• All 3 ideas are good options because the alternative is scary.  If I didn’t insist on one of them, and help set up the accounts, the $300,000 would sit in his checking/savings and he would consistently “raid the cookie jar” and my guess is that it would just be stale crumbs in 3 years.  He is an incredibly kind, loving man but money and future planning are blind spots for him.
    • I’m going to discuss all three ideas with my sisters, but I am leaning towards #1, while also trying to work with him to really reduce his monthly expenses.  Thank you for reminding me of the Trinity Study. Those numbers are incredibly helpful and I plan to share them with him.

Thank you, again, for your time.  As you’ve made very clear throughout your life and career, time is our greatest asset and I couldn’t be more grateful for yours.  

All the best,



My pleasure, Mike…

…glad to help.

No need to send anything, but I won’t say no to Vermont maple syrup and cheese. 

My preference is option #1 as well, especially given this:

“…his father died at 75 of Alzheimer’s and he has already had triple bypass heart surgery (about 5 years ago).”  

That does make the 20 year timeline generous, but it also increases the chance of his money lasting for the remainder of his life.

The other thing to consider is that studies show people spend/need less as they grow older. 

So, I’d set it up to send him $2000 a month at the 8% withdrawal rate.

The big concern is he can still raid the cookie jar with this account. Any chance he’d agree to have you keep it in your name?

Keep me posted!




Hope all is well.  

There is a box of Vermont goodies on its way to you.  My personal favorite, and also award winning is the Mad River Blue cheese.  Enjoy!    

As for my father, we’ve made some great progress over the last couple of weeks.  Although we did not set up the account under my name, I’m the only one logging in (he doesn’t own a computer) and he is relying on me to set up his transfers, manage the account, etc.  I suppose he could call Vanguard and raid the cookie jar by phone, but we have a lot of trust between us so I guess that’s a risk I am willing to take.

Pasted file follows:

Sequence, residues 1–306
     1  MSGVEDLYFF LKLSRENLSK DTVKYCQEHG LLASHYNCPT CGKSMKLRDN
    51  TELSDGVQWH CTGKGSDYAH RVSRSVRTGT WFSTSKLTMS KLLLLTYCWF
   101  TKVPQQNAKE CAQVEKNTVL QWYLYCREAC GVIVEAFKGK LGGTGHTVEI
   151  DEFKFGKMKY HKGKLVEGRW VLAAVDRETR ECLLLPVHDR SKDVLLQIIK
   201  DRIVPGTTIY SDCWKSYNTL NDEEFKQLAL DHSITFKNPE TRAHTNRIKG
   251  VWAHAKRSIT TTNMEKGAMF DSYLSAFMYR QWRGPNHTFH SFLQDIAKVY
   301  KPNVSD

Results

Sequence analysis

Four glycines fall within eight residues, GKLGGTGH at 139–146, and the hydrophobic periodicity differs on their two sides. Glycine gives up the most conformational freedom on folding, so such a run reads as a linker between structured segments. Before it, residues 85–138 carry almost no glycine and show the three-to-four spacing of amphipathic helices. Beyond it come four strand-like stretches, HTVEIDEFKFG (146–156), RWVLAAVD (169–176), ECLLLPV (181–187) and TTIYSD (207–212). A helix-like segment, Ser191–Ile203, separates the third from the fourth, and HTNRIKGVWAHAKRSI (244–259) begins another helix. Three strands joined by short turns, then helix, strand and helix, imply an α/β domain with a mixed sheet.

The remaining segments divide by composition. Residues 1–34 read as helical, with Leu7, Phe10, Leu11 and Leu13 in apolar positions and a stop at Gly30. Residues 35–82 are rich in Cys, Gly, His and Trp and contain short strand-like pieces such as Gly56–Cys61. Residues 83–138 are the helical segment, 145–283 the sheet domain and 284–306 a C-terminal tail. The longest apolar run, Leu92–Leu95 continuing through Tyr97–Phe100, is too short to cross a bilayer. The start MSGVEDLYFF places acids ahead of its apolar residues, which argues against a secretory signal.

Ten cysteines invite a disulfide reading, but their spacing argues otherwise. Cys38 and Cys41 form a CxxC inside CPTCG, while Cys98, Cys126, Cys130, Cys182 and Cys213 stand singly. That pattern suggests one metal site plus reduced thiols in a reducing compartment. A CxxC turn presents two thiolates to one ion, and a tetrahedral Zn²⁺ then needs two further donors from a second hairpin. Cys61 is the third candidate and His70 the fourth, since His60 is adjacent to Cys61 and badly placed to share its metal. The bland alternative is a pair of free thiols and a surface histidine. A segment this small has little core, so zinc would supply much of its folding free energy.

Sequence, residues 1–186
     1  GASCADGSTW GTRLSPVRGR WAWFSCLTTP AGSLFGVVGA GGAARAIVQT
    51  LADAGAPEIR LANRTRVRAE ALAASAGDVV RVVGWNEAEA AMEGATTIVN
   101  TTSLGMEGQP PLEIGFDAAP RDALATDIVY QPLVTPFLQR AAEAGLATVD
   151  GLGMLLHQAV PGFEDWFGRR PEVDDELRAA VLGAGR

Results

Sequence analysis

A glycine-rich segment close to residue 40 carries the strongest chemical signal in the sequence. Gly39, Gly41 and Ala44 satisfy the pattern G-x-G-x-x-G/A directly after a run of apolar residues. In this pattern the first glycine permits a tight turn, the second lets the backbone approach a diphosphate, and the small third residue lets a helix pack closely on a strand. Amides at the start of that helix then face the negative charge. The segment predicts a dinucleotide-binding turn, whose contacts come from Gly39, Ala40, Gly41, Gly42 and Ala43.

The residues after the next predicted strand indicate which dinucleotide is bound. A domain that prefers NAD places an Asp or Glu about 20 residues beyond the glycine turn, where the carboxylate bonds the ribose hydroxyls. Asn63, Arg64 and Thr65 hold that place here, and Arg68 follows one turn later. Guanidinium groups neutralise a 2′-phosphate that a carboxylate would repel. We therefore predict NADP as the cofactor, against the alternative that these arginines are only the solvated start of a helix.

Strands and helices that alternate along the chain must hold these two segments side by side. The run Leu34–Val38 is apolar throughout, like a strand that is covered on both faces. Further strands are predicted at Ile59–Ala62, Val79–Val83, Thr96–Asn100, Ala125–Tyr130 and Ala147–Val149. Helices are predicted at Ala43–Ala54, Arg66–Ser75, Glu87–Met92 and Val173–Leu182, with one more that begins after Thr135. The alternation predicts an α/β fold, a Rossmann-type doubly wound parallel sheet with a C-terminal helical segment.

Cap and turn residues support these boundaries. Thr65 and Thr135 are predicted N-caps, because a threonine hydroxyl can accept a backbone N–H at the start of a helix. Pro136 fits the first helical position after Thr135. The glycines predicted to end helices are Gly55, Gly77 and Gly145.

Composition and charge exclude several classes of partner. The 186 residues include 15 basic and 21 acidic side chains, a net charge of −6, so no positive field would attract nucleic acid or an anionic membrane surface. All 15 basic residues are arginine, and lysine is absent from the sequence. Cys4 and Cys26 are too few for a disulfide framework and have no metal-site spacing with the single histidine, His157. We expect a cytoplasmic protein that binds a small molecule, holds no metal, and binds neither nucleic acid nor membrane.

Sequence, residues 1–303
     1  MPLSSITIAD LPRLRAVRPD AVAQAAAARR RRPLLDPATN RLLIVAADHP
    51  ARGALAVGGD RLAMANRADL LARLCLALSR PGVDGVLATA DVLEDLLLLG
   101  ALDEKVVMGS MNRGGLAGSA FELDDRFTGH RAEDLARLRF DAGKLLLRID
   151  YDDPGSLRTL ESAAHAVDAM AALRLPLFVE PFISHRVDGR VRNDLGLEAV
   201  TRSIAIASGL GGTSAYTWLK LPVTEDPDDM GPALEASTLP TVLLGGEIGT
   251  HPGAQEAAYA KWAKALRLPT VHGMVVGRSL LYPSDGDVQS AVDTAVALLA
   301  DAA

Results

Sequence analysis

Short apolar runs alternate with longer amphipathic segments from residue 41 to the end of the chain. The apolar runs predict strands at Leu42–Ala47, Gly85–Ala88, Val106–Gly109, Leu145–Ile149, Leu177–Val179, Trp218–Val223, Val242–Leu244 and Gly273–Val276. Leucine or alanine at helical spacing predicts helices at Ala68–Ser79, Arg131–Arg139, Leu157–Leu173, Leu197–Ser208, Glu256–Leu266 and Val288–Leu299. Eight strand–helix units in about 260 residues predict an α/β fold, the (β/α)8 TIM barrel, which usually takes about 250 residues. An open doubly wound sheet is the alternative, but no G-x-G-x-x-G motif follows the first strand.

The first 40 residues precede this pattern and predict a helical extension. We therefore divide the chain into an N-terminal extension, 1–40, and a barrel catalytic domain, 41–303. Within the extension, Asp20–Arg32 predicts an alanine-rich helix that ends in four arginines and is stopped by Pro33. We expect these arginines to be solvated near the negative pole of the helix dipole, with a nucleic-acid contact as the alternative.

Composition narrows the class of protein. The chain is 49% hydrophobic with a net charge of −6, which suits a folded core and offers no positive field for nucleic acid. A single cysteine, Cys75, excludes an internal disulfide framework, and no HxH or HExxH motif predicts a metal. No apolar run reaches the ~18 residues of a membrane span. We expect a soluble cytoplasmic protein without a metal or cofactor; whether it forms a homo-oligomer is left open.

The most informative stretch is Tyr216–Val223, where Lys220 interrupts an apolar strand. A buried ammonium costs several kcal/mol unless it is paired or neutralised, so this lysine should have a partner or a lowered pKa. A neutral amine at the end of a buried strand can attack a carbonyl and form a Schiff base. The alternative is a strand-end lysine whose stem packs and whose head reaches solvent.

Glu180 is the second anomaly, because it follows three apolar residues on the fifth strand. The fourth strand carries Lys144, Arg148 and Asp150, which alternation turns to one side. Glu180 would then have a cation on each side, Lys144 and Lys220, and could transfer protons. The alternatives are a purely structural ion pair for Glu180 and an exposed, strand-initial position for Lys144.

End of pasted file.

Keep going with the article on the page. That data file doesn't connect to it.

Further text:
After working with him to cut some expenses, we were actually able to set it up with only a $1,500 per month withdrawal.  We’ll see how that goes and adjust slightly up if needed, but it’s an encouraging place to start. 

We ended up deciding to keep $20,000 in Vanguard cash fund, then split the $280,000 with the 75/25 (VTSAX/VBTLX) allocation. 

We are feeling confident in this plan and, best of all, my father had immediate relief once we pulled the trigger.

A very sincere thank you, again, for not only acknowledging my email but taking the time to think critically about our situation and share some great ideas. 

Enjoy the rest of your summer, JL!  



Photo courtesy of Van Trapp Farmstead

Hi Mike…

Summer is off to a great start! The box arrived yesterday afternoon and we cracked open a bottle of wine and had cheese, sausage and crackers looking out at the lake.

Thanks to you and The Von Trapp Farmstead! Love this from their website:

“The early bird gets the worm,

but the second mouse gets the cheese.”

Thanks, too, for the follow up on your father’s situation. Sounds like you’ve hit on an excellent solution.

Not sure if you are going to spend down that $20,000 first or just hold it in reserve. Either way should be fine.

More importantly, $1500 a month is $18,000 per year. On the $280,000 invested this is a 6.4% withdrawal rate. Looking at the Trinity Study charts, this has ~96% success rate over a 20 year withdrawal period.